Dalia Judovitz

 

On her book Drawing on Art: Duchamp and Company

Cover Interview of May 05, 2010

The wide angle

Drawing on Art: Duchamp and Company builds on the implications of my earlier work in Unpacking Duchamp: Art in Transit (1995).  The focus is no longer on Duchamp alone but also on his Dada and Surrealist friends and sometime collaborators’ efforts to question the idea of art, creativity and authorship through their appeal to strategies of appropriation and collaboration.

The analysis proceeds along three major axes of inquiry.  The first, involves various challenges to the visual fate and manifestation of painting and art in response to the forces of commodification, which are dealt with through the elaboration of conceptual strategies.  The second seeks to redefine artistic creativity as a productive act that also entails spectatorship and hence notions of consumption.  And the third focuses on the fact that artistic collaboration—understood as exchange, interplay, and appropriation of ideas—becomes paradigmatic of a new way of thinking about artistic production as an inter-active and inter-subjective endeavor.

The deactivation of the visual mandate of art that emerged from Duchamp’s and his Dada friends’ critique of the commodity and market forces opened up the possibility of questioning art’s founding premises and its social and cultural manifestations in the public sphere.  Disillusioned with painting and art in general, Duchamp along with Picabia and Man Ray, and later with Dali, sought new strategies for challenging art’s vulnerability in the face of commercialization.

My book shows that while Duchamp with Man Ray, and later Dali, moved from the ocular to optics, seeking to activate a new understanding of the conceptual considerations that determine the production of visuality, Picabia along with Duchamp explored the potential of spectatorship as a force for taking on the pressures of consumption.  Their critique of painting as a visual experience was extended to the film medium—to short circuit through conceptual considerations film’s advent as visual spectacle.  For Duchamp and Dali, the game of chess became a privileged vehicle for figuring a new way of thinking about artistic making and authorship in the modality of play.

Another pivotal question I deal with is how artists inspire and influence each other in the production of new works.


rorotoko.com Enrico Baj. Homage to Marcel Duchamp. 1987. 55 x 46 cm. © Roberta Baj, 2008. (Image reproduced courtesy of Roberta Baj.)

The appropriation of Mona Lisa’s reproduction with the added mustache and goatee and its reissue under Duchamp’s signature transformed the passive spectator of Leonardo’s painting and/or consumer who purchased the painting’s reproduction into a producer who availed him or herself of a new way of making. Duchamp revealed the productive potential inherent in the spectator’s position as a consumer, thus undermining conventional artistic paradigms that privilege the act of the work’s production over its consumption.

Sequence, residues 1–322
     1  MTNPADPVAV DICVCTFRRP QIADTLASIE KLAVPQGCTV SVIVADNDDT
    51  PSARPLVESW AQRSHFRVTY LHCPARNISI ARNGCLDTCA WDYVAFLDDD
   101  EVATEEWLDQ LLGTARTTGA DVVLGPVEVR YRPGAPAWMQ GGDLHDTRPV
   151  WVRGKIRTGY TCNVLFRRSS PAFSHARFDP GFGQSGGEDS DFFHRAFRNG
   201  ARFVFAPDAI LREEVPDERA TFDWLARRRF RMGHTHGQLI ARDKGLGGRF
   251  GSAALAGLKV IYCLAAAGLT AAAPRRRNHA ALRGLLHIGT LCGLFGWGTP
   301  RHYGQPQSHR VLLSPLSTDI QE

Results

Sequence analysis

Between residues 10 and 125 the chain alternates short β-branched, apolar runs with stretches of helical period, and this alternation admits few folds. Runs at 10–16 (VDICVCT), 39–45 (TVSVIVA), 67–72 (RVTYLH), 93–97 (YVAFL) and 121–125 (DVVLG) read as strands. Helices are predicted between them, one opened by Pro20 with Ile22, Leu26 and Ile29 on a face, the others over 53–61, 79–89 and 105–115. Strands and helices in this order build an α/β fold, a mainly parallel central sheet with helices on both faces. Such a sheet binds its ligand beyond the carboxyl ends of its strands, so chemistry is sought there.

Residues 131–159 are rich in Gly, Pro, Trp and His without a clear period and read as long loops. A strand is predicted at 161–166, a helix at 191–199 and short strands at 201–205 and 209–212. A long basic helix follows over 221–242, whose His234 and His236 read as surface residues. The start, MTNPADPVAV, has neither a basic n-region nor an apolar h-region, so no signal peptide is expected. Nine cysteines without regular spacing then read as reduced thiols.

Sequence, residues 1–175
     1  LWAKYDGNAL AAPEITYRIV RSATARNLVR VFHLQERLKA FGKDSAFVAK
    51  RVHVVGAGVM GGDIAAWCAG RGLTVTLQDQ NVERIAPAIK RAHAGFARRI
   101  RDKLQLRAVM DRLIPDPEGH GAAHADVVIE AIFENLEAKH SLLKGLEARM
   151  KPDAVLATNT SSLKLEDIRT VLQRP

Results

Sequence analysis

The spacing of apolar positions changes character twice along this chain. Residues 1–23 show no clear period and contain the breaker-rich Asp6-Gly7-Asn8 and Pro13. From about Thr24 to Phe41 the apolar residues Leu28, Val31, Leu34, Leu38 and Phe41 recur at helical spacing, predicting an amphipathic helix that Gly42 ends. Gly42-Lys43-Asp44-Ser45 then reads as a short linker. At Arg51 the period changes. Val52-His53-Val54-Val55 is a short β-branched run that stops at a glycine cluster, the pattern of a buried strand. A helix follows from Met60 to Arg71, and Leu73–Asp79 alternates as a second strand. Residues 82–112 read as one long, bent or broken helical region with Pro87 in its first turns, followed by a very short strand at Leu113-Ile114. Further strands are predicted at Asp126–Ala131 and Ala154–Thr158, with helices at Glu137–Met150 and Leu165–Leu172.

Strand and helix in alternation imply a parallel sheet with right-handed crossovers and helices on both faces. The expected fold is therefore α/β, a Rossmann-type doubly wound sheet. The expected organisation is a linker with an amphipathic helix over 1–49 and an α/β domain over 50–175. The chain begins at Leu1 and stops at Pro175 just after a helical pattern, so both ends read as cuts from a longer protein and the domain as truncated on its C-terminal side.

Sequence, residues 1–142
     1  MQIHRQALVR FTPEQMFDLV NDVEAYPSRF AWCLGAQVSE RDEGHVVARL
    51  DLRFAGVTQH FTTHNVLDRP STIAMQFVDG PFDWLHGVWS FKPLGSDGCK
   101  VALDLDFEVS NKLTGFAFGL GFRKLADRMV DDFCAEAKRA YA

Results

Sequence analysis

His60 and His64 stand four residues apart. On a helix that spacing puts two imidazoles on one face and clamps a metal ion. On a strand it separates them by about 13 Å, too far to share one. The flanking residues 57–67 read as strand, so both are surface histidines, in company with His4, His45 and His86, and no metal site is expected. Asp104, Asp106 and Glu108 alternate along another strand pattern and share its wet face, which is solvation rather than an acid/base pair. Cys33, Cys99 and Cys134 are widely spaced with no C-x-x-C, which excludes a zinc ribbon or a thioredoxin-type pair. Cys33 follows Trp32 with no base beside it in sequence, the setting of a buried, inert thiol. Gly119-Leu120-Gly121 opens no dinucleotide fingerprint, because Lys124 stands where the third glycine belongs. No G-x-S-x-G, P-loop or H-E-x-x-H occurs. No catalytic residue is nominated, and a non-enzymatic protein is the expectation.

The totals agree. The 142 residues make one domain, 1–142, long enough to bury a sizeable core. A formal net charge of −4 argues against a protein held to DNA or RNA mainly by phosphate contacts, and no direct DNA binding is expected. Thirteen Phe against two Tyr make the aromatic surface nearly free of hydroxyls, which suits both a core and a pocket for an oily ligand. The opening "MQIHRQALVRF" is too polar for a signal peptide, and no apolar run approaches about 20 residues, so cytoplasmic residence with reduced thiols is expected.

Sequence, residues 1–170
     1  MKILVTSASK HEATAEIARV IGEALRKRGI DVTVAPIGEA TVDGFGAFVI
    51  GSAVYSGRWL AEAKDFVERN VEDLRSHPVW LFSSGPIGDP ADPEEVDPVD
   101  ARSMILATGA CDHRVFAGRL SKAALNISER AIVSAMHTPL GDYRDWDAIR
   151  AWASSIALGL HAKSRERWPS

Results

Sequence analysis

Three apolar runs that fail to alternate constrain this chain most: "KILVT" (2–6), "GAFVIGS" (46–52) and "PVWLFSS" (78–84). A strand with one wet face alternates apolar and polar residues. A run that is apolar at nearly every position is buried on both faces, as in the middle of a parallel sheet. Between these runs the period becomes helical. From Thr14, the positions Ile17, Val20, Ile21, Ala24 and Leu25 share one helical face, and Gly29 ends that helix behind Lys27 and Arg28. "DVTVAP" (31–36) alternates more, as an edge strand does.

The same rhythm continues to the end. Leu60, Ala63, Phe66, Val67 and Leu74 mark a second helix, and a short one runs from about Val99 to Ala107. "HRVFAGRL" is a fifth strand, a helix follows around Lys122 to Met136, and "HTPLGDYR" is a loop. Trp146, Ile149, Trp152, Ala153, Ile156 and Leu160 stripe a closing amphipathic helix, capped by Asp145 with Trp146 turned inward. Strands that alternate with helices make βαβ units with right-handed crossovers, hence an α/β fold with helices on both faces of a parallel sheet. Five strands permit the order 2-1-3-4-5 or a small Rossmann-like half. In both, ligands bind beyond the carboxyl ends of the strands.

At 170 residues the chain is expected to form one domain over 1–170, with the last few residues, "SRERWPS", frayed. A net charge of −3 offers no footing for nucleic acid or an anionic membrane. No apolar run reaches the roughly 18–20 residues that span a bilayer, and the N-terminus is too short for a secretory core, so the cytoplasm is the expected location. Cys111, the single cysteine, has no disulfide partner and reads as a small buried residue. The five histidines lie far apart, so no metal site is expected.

I show that the idea that the onlooker also “makes” the work of art overturns the myth of artistic genius undermining the idea of art as individual expression. The invitation to partake in the creative process along with the author will implicate the spectator in a process of artistic making understood no longer in terms of self-expression, but rather as an act of critical responsibility.

Reversing conventional views of creativity, Drawing on Art suggests that all artistic production may be appropriative insofar as artists necessarily draw on other works, other artists, and the tradition in attempting to produce new works.

Last, this argument implies a redefinition of the artistic process as a collaborative partnership and activity. But how can this collaborative model be reconciled with Duchamp’s reluctance to formally associate with Cubism and later Dadaism and Surrealism, even as the latter two were wont to claim him?

Duchamp’s critique of artistic movements based on his rejection of artistic doctrine did not prevent him from selective participation in some group events, or from collaboration with fellow artists such as Picabia and Man Ray.  These collaborative endeavors emerged and gained delineation during the Paris Dada period (1919-22), and they also include the Dada film experiments that followed it (1924-28), which marked the movement’s transition into Surrealism.

Moreover, collaborations of various kinds continued throughout, most notably his activities with Dali and the Surrealist group (especially as regards design of exhibition spaces and curatorial activities), and they persisted into the late 1960’s as we can see from his works with Baj, among others.

I claim that the full significance of such collaborations is to be found in the intellectual exchanges and influential play of ideas.  And I propose that artists invariably draw on each other’s ideas and works and that the material conditions of production necessarily bring into play prior gestures and ideas.